Generally, writing a letter with your home offer depends on what your real estate agent suggests as well as what your state allows. One state, Oregon, has changed the rules when it comes to “love letters” to homeowners. Recently, Oregon became the first U.S. state to prohibit real estate agents from sharing such letters from buyers to home sellers; the law against such letters went into effect in January 2022. The state put this rule into place because real estate agents were concerned that these letters could cause issues with Fair Housing laws, which are at both the state and federal level to protect people from discrimination when renting, buying, or securing financing for any housing. Other states, such as California, Washington, and Colorado, have guides in place to help buyers, sellers, and real estate agents navigate what can feel like a sticky situation around “love letters.” All this to say: Check with your agent.
However, people who have written these letters, when appropriate and when allowable, say they have been effective in swaying a seller in their favor — sellers during the home-buying process want to know that their home was a standout from the rest of the market, and they enjoy picturing how the home will look in the years to come after they have moved.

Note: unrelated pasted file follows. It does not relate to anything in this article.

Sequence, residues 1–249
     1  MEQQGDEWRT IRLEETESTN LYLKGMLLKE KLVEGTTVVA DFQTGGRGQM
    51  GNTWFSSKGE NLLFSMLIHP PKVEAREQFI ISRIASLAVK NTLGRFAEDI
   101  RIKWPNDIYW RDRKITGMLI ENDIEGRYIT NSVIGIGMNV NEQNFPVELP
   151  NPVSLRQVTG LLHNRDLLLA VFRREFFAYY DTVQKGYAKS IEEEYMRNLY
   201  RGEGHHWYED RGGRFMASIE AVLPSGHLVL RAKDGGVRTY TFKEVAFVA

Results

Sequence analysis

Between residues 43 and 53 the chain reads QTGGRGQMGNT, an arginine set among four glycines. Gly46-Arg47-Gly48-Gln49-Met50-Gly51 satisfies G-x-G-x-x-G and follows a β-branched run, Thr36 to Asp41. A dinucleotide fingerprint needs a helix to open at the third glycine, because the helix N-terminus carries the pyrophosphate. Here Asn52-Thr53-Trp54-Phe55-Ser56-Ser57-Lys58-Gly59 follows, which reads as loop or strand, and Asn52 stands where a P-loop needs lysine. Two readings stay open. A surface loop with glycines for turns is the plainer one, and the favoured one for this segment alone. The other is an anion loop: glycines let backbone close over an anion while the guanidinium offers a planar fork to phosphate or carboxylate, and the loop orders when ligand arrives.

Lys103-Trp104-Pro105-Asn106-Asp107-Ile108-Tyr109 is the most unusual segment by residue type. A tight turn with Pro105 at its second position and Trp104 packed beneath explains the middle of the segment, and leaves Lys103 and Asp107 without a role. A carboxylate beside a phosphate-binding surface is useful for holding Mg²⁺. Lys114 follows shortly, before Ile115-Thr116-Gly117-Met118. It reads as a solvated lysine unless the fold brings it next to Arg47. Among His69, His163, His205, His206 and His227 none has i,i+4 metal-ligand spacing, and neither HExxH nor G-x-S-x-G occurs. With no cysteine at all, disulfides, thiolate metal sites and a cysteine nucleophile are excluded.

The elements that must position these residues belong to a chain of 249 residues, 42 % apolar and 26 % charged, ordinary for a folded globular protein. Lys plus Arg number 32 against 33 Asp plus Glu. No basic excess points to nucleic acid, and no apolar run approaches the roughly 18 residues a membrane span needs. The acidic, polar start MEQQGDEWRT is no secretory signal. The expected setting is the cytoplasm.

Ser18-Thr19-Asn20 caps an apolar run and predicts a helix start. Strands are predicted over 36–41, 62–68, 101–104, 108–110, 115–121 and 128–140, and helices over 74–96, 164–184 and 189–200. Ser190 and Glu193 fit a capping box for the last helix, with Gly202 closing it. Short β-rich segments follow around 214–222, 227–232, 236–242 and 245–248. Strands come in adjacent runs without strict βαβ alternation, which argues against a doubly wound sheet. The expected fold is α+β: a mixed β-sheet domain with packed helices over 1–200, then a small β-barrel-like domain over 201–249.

|Pro Tip: Once you sign that sales agreement (congrats!), things start moving very quickly. Instead of waiting until the last minute (and stressing out), start preparing for your move early. Packing nonessentials away and making a game plan for your move goes a long way to saving headaches. A tool like a PODS portable moving and storage container can help, too. PODS will deliver your container right to your driveway, so you can pack and load on your own schedule. When you’re ready to get all moved in, PODS will deliver your container right to your new home. If you have questions or want to learn more, check out the PODS Blog for more tips.|
How long should a house offer letter be?
Your heart and your hand will tell you what to say and how long the letter should be. In general, if you’re writing from the heart, go as long as you need to when talking about the house and how you’ll live in it as a family. As far as your hand goes — well, if it starts to cramp up, you may have written too much. You want a hand-written letter to be about one or two pages. A typewritten letter or something done on a laptop should be a single page. If you’re looking for a general word count, think about 500 to 700 words. That should take you about an hour to write, has enough space to say everything you want to say, and will take about four to five minutes to read.